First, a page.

Campus News

Memorial dedicated at Baldwin Hall

Participants gather to view the Baldwin Hall Memorial after a dedication ceremony on Friday, Nov. 16, at the University of Georgia in Athens. (Photo by Dorothy Kozlowski/UGA)

The University of Georgia hosted a ceremony on Nov. 16 to dedicate a new memorial at Baldwin Hall in tribute to those who were buried there.

“We are drawn here today by a deep sense of respect for these individuals and by a strong sense of duty to commemorate the lives they lived,” said UGA President Jere W. Morehead. “The memorial we are dedicating this morning will provide for an enduring tribute as well as a physical space for meaningful reflection in the future.”

Morehead was one of three individuals who spoke at the ceremony. The Honorable Steve Jones, U.S. District Court Judge for the Northern District of Georgia, and Michelle Cook, UGA’s Vice Provost for Diversity and Inclusion and Strategic University Initiatives, also shared their own reflections.

“As a member of the Baldwin Hall Memorial Advisory Task Force, my fellow members and I spent a great deal of time thinking deeply about this monument,” Jones said. “We recognized the significance of this great project. We took pride in knowing that we had been called upon for this special occasion and this special task. It mattered to us. We wanted to get it right, and I think we did.”

The memorial, located on the south end of the front lawn of Baldwin Hall, near Old Athens Cemetery, will serve as a place of remembrance for the individuals who were originally buried on this site in the 1800s, most of whom likely were slaves or former slaves.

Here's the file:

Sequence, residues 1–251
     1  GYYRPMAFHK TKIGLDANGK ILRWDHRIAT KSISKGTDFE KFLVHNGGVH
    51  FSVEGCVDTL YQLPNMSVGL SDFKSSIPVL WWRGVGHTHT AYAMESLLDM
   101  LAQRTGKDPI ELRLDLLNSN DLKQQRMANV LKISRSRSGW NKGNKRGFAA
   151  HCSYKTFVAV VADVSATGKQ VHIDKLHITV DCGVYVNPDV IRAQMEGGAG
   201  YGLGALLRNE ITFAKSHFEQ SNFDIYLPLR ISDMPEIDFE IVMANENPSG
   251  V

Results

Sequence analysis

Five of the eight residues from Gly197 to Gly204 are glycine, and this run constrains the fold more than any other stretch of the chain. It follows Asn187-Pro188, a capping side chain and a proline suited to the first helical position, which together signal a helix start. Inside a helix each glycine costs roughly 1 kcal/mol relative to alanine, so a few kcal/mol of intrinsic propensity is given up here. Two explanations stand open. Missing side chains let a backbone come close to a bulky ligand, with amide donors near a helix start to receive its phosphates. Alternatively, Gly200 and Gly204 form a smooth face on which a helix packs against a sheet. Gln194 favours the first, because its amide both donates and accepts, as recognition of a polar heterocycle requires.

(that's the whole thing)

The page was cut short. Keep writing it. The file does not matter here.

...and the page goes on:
The Baldwin Hall Memorial, dedicated at a ceremony on Friday, Nov. 16, at the University of Georgia in Athens. (Photo by Dorothy Kozlowski/UGA)

The memorial, which complements the aesthetic of the university grounds, includes:

  • a circular form for the memorial plaza, creating a focal point that will serve as a place of contemplation to honor and respect these individuals;
  • an elevated fountain in the center of the memorial plaza;
  • a granite marker, purposefully designed with elements similar to a marker at Oconee Hill Cemetery, which will include text about the memorial;
  • two granite benches facing the granite marker; and
  • vertical elements that will create a sense of ascension and will provide visibility from the street.

The design was recommended by members of the Baldwin Hall Memorial Advisory Task Force, a group of 18 representatives from the university and the local community appointed by Morehead and chaired by Cook.

“Our goal was to honor, with dignity and respect, the men, women and children who were once buried here,” Cook said. “This memorial is a place of remembrance and reflection. Each element was chosen to evoke a sense of place and permanence. It will be here for generations to come.”

The memorial includes more than 35,000 pounds of granite donated by an Oglethorpe County quarry on land that has been owned by a Georgia African American family for more than a century. Cook is a member of the family that owns the property.

The remains of the individuals were first discovered during construction of an addition to Baldwin Hall in November 2015. They were reinterred at Oconee Hill Cemetery in March 2017, in accordance with guidance from the State Archaeologist’s Office.

The university also held a memorial service at Oconee Hill Cemetery to commemorate their lives, and a granite marker was placed at the gravesite. Acknowledgment in the form of a plaque also was placed inside the new entrance of the Baldwin Hall addition.